A couple of weeks ago I was preparing a meal for the family. Pulling the rolls out of the oven (wearing mitts of course), I transferred the hot pan to the dining table where Jaxon was anxiously waiting. I looked at Jaxon and told him, “This is hot. Do not touch it.” I’m guessing that you already know what Jaxon did directly following my warning. Yep, he reached over and placed his little finger directly on the hot pan. Of course, it didn’t take him long to quickly remove it.
We have all done this at some point. Although we hear the waiter say, “This is hot, don’t touch,” we seem to be inclined to check to see if they are telling the truth. Or how often do we see a sign with the words: “Wet Paint: Do Not Touch” and yet many of us have been guilty of reaching over to check to see if it’s still wet?
We treat God’s instructions and warnings in a very similar way. We choose to use our own self-assessment in lieu of God’s instructions and warnings.
I told Jaxon that the pan was hot because I could foresee the possibility of him inadvertently touching it while reaching across, and more specifically, I wanted to let him know that touching it would bring him harm. I told him because I love him and don’t want to see him suffer any pain.
I couldn’t help but think of Solomon and what he said to his own son in Proverbs. You see his passion for his children to listen to wisdom in the following verses of Proverbs: 1:8, 2:1-5, 4:1-2, 5:1, 7:1-2.
But it’s not just children that have difficulty receiving instruction. Again, how many ADULTS have touched the wet paint, although they could clearly see the sign, “DO NOT TOUCH”?
When Solomon wrote so many of the proverbs and then when they were collected, many of the longer ones were placed together in the theme of “wisdom.” It was a topic that was close to his heart as it was the very thing he asked God for as a new king. But Solomon understood that wisdom was putting into action knowledge, which often was based upon “rules” or “what is right vs. what is wrong.”
Read Proverbs 3:1-8. In a series of lessons by Brother Don Truex he referred to them as “GUARDRAILS.” These good boundaries, or guardrails, are there to protect us and give us peace. Why were we told as a child to look both ways before crossing the street? Why were we told NOT to play in the street? Why were we told to be careful who we were “hanging out with” and where we went? Safety! Not just about guarding our physical body from harm, but about shaping and guarding us spiritually! It was my parents desire for me to have a life of peace, to have a satisfied life. God desires the same for His children, to have a full, secure, and good life (cf. John 10:10).
Just recently in our Sunday morning Bible study we noted the apostle Paul emphasizing that to have an abundant life in a relationship with the Father, it was imperative that they “come out from among them and be separate, says the Lord. Do not touch what is unclean, and I will receive you. I will be a Father to you, and you shall be My sons and daughters, says the Lord Almighty” (2 Cor. 6:17,18, cf. Isaiah 52:11, Ezek. 20:34, 2 Sam. 7:14, Isaiah 43:6).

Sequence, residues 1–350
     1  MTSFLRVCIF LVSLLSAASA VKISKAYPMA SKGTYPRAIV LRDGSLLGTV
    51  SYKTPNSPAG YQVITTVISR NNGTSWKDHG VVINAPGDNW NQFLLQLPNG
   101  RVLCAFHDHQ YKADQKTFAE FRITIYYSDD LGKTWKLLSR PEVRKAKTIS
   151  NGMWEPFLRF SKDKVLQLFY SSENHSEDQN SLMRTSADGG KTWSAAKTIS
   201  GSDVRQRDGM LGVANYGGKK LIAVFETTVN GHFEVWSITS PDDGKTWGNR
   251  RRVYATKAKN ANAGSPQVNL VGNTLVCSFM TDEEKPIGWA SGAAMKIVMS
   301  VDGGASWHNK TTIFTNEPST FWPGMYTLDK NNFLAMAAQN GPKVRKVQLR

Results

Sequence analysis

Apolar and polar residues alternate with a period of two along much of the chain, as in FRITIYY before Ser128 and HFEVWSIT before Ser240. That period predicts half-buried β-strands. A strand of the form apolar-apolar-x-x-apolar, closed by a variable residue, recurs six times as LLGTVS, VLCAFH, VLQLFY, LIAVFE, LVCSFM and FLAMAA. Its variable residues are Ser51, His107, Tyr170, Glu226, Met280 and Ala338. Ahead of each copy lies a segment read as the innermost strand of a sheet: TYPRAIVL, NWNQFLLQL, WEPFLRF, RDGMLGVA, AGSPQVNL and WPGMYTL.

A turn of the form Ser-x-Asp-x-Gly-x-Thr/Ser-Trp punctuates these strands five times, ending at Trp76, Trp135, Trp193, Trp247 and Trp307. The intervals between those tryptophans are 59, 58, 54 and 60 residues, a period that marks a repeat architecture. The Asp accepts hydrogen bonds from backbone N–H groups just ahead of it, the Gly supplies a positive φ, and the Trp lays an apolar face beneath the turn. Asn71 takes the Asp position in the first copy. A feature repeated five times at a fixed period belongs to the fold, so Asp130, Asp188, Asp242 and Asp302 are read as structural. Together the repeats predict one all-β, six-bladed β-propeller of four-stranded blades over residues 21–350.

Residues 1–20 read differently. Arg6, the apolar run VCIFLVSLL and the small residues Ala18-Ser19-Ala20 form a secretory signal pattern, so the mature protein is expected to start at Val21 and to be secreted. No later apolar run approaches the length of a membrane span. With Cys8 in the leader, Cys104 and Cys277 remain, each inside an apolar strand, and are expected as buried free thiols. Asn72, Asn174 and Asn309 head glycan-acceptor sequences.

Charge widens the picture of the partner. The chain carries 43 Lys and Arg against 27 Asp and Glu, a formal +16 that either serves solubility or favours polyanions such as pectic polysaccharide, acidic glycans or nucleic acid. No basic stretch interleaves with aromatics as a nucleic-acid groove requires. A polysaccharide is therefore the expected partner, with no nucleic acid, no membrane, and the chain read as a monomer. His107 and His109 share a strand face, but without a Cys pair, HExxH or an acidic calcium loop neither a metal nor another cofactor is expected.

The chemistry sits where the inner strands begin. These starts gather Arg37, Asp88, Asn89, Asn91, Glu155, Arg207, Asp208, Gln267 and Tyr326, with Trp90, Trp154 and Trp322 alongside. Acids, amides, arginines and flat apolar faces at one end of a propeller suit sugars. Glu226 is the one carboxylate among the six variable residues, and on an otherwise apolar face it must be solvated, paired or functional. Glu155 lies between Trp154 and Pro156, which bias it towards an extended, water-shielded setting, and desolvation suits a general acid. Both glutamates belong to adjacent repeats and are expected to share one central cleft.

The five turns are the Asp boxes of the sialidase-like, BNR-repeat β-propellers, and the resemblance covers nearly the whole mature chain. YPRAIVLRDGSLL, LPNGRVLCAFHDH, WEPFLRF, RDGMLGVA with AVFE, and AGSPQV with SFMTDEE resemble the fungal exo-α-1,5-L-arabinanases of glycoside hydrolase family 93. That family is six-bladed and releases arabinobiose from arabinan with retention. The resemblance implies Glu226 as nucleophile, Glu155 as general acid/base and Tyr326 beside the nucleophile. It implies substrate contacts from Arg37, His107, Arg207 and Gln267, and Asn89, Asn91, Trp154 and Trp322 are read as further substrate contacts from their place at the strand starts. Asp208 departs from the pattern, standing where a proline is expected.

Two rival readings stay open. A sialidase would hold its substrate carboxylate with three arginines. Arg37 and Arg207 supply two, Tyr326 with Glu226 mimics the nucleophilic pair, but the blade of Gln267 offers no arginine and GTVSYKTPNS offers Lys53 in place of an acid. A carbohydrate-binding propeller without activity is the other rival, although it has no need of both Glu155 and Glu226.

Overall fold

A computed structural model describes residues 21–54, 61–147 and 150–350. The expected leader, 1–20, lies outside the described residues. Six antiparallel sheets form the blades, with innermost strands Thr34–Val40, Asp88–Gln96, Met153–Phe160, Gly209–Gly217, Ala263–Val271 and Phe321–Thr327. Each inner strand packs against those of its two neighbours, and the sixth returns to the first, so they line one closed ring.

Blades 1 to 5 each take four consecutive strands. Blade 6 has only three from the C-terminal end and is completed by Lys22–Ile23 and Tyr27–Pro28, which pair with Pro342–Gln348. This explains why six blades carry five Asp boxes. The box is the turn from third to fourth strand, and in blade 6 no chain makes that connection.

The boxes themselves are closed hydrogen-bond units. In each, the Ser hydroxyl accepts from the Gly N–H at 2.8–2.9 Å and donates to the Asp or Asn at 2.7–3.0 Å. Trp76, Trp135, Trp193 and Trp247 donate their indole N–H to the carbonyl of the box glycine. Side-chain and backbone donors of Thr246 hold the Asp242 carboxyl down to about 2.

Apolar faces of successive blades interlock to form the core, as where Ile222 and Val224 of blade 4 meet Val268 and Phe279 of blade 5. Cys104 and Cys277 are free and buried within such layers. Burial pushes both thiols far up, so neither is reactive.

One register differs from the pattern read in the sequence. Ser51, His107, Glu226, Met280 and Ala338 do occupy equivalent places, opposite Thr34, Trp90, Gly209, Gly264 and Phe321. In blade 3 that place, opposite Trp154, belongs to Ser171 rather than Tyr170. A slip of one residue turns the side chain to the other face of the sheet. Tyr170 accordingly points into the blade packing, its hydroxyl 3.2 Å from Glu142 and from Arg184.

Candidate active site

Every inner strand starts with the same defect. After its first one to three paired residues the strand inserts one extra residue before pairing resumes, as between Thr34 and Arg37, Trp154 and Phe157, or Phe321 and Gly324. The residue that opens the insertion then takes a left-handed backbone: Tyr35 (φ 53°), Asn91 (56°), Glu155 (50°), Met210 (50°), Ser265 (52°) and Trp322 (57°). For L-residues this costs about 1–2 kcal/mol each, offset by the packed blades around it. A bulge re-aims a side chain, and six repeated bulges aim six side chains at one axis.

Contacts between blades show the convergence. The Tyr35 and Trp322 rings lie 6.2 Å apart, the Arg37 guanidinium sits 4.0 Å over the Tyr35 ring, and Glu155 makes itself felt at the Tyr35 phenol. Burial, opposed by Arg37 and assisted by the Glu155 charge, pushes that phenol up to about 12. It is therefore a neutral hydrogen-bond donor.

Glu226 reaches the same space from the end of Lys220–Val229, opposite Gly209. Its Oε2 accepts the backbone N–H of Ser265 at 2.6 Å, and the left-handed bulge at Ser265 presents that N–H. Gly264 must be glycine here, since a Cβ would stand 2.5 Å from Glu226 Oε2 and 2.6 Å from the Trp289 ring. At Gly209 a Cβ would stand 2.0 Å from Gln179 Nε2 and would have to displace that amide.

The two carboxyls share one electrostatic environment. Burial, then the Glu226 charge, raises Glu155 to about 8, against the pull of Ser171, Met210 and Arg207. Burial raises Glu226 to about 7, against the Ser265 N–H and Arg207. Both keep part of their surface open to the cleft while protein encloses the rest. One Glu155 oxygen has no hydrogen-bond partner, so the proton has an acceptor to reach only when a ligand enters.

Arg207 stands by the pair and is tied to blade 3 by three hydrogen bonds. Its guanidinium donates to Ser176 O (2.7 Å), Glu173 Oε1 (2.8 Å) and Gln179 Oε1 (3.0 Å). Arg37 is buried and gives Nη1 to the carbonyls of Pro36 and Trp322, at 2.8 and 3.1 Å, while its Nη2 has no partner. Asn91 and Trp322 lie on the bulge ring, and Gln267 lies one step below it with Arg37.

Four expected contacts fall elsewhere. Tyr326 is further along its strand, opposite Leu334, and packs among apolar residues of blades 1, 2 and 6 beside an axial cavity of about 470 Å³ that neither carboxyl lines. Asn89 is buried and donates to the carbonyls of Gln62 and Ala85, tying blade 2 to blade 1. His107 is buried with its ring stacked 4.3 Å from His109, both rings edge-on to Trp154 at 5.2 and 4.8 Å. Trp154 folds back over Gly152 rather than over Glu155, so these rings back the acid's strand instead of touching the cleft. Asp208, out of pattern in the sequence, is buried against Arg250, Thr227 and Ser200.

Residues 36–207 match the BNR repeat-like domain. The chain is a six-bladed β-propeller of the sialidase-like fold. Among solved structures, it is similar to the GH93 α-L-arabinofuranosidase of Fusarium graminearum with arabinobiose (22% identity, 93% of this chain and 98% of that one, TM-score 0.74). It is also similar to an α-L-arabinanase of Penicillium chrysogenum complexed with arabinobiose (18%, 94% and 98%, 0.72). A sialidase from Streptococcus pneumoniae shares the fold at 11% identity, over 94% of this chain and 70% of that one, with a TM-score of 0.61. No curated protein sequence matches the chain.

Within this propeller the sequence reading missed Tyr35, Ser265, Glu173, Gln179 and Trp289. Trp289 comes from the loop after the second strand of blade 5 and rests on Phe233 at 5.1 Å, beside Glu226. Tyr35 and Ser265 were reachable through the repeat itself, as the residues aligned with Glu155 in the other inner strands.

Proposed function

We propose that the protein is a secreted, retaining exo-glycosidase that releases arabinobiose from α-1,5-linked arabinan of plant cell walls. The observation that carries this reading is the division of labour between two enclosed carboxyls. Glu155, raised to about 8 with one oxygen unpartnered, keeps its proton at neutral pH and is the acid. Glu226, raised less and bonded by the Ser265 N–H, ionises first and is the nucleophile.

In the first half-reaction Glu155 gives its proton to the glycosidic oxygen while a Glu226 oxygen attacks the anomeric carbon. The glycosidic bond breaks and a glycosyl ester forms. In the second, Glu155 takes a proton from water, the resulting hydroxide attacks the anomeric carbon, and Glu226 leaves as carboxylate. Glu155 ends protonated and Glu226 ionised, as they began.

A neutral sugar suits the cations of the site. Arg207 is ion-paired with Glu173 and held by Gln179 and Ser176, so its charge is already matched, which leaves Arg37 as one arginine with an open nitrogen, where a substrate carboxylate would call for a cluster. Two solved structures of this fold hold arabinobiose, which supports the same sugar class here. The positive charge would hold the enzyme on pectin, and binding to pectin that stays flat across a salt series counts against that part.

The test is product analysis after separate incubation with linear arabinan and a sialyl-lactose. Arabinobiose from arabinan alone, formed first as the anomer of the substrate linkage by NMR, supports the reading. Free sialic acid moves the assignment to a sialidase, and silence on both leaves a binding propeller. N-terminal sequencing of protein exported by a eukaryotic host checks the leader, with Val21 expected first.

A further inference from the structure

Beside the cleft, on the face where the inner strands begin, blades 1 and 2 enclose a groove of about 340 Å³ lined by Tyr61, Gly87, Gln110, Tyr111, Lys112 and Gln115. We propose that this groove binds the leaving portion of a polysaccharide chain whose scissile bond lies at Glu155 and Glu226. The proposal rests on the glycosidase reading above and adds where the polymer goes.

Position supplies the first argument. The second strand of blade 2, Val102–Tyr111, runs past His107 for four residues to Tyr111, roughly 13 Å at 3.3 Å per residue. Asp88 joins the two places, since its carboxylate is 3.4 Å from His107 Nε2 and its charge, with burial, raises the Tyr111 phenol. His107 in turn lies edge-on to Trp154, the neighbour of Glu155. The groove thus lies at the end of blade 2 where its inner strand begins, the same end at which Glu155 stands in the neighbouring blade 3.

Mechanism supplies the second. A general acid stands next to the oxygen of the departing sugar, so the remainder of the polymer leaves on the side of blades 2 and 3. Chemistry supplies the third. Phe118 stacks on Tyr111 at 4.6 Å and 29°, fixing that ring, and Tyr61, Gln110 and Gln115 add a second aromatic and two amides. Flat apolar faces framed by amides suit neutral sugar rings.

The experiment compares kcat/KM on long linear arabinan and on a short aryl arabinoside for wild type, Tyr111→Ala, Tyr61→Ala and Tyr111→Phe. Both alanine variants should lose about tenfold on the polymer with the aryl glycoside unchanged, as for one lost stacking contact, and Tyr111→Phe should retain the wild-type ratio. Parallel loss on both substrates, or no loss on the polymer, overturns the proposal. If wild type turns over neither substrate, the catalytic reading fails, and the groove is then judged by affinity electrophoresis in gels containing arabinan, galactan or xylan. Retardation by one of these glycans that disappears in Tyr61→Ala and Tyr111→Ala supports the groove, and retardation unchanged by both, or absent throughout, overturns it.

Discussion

By touching that which is unclean, such will defile or corrupt one. Though the warning is given, there’s still the tendency to reach over and touch. Such is the reason the Proverb writer emphasized that heeding the warnings would bring “length of days and long life, and peace they will add to you; It will be health to your flesh, and strength to your bones” (Proverbs 3:1-2,8). Even Moses emphasized such to the children of Israel: “Now this is the commandment, and these are the statutes and judgments which the Lord your God has commanded to teach you, that you may observe them in the land which you are crossing over to possess, that you may fear the Lord your God, to keep all His statutes and His commandments which I command you, you and your son and your grandson, all the days of your life, and that your days may be prolonged. Therefore hear, O Israel, and be careful to observe it, that it may be well with you,” (Deut. 6:1-3a).
It comes down to a matter of trust. Do we trust that God’s way for us is always the best, even when we don’t like it or understand it? Solomon uses the word “lean.” To lean on something means that we put our weight on it, that we use it for support. Back in Solomon’s time, the word he uses here for “lean” was used to refer to leaning on a cane. If we put our weight on a cane, it means that we trust it—it means that we are counting on it—it means that if it were to suddenly vanish, we would fall over. Solomon is telling us that we are not to “lean” on our own understanding, but rather God’s.
If we lean on our own understanding, if we are wise in our own eyes, then we have a control problem. Most of us would like to think that we can figure things out on our own (i.e. our own self-assessment over God’s instruction). And yet when it comes to spiritual matters, we remember the words of Solomon in Proverbs 14:12, “There is a way which seems right to a man, but its end is the way of death.” Trusting in God means that we must admit that God is wiser than we are (cf. Isaiah 55:8,9). The benefit of living life God’s way is that we have a better life.
There are many warnings and instructions that the word of God provides, many are “DO NOT’s.” May we seek out our Heavenly Father’s instruction trusting that He wants only what is best for us and apply His words of instruction to our hearts in obedience. When we do what is good and right in the sight of our Father, rather than our own self-assessment, then we will find “favor and high esteem in the sight of God and man” (Prov. 3:4; cf. Luke 2:52; Heb. 5:8,9).
Something to think about. Have a great week! – DJ 🙂